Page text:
County could see sales tax increase; Young pushes mayoral recall provision; Roebling could be closed until June; more news

Engineers say the historic John A. Roebling Suspension Bridge will likely need to stay closed until early this summer

click to enlarge The John A. Roebling suspension bridge - Matt Cunningham
Matt Cunningham
The John A. Roebling suspension bridge

Hello all! Spring is here, and here’s how I know — Putz’s Creamy Whip opened yesterday. This is like the opening day parade of ice cream for me, y’all. I hope you went and got some. Now that we have the important news out of the way, here’s what else is happening.

Does the county need to raise its sales tax rate? That’s what Hamilton County Administrator Jeff Aluotto told the county commission yesterday, recommending a .25 percent bump to address a big, looming deficit. Unless more revenue comes in or spending is cut, the county will be $28 million underwater next year. That’s due to state lawmakers’ continued cuts to the state’s local government fund as well as cuts to some Medicare-related taxes. Commissioners could impose the tax without a vote or put it up for voters to decide in November. The suggested boost would bring Hamilton County’s sales tax rate to 7.25 percent, though the rate will drop .25 percent in 2020 as other taxes roll off.

• The county isn't the only local government with a deficit on its hands. The City of Cincinnati also faces a $23.4 million shortfall next fiscal year — which starts in July — and has begun mulling cuts to bridge the gap. City Manager Harry Black has asked the city to reduce all departments by 12 percent, except police and fire, which would see a 6 percent cut. Those cuts could cause the city to reduce police and fire recruit classes, shutter recreation centers and pools as well as cause staffing reductions or hiring freezes at the health, building and inspections, environment and sustainability, community and economic development and other departments. Expect some big-time sparring on city council as we get further into budget season, y’all.

• Cincinnatians should be able to recall their mayor, suggests one Cincinnati City Councilman, and you’ll be shocked to learn he’s not a big fan of our current leader. Councilman Wendell Young, perhaps Mayor John Cranley’s most vocal opponent of late, wants to create a mechanism in the city charter by which a mayor could be recalled by a popular vote. While state law allows for recall efforts in cities, it doesn’t count for cities with a charter governance system, such as Cincinnati has, unless that charter mentions recalls. Ours does not. Young’s proposal is backed by some African-American groups and former mayor Dwight Tillery, who also wants a recall mechanism for city council. Cranley’s office has dismissed the idea as an effort to undermine the mayor from his political opponents. Council would need six votes to change the charter and insert a recall provision. Those votes are unlikely given council’s current makeup.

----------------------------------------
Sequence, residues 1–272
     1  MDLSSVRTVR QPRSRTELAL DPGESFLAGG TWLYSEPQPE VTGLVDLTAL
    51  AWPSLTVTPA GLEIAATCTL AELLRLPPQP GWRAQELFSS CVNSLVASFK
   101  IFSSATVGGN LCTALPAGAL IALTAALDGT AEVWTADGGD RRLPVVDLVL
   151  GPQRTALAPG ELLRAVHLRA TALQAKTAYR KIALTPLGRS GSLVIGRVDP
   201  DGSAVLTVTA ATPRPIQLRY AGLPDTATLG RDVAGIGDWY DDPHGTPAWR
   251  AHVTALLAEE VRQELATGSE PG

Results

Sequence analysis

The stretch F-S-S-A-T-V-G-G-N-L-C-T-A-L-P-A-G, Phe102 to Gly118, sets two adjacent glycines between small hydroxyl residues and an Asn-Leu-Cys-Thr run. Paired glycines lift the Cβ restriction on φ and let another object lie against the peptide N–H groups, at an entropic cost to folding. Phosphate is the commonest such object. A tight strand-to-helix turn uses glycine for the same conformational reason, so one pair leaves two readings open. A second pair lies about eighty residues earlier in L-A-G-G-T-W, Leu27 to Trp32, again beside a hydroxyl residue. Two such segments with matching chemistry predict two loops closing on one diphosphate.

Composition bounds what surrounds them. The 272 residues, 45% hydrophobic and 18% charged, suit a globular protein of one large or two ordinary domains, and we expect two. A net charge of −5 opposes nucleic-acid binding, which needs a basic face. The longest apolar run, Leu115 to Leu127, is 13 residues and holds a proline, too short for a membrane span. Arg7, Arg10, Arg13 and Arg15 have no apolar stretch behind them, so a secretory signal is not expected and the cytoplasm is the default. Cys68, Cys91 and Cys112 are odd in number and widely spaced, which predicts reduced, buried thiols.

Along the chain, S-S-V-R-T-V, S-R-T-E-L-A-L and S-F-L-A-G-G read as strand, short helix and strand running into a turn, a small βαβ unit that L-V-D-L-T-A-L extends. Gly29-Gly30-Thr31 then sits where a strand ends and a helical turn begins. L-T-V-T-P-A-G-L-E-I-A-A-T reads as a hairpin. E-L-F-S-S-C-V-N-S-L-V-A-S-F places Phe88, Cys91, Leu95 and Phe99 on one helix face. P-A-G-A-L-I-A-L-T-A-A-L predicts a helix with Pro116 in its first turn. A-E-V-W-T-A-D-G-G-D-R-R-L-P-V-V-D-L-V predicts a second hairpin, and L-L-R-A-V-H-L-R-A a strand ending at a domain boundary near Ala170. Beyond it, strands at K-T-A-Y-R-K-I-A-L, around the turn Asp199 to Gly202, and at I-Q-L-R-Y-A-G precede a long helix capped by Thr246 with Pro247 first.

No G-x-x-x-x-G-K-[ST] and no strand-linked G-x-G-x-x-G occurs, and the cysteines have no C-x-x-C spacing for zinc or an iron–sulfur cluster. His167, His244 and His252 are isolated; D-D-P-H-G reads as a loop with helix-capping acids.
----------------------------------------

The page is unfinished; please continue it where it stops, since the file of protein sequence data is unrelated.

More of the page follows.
• The Greater Cincinnati Redevelopment Authority will hold a meeting tomorrow regarding FC Cincinnati. While the exact nature of that meeting is unclear, it’s likely to discuss a potential ownership structure for an FCC stadium in Oakley. The team believes it can avoid paying property taxes on its $200 million facility if it is owned by the development authority, though Hamilton County Commission President Todd Portune has indicated he’d like to find a way to hold the team to paying money it would owe to Cincinnati Public Schools under such a deal.

• The region’s iconic John A. Roebling Suspension Bridge will likely be closed until June, engineers say, after an auto accident damaged a structural component of the historic span. The bridge was the longest suspension bridge in the world when it opened in 1866. The damaged section was an 1890-era addition to the structure. Because the bridge is unique and architecturally significant, any repair work will likely require special techniques and more time. So, yeah, find another route across the river for a while.

• Finally, Ohio Gov. John Kasich has requested federal aid for the estimated $44 million in flood damage brought by recent high waters in Greater Cincinnati. Kasich wrote a letter to President Donald Trump yesterday asking that he issue a major disaster declaration for the February floods, which devastated riverfront communities in 17 counties and could take five or more years to fully repair.

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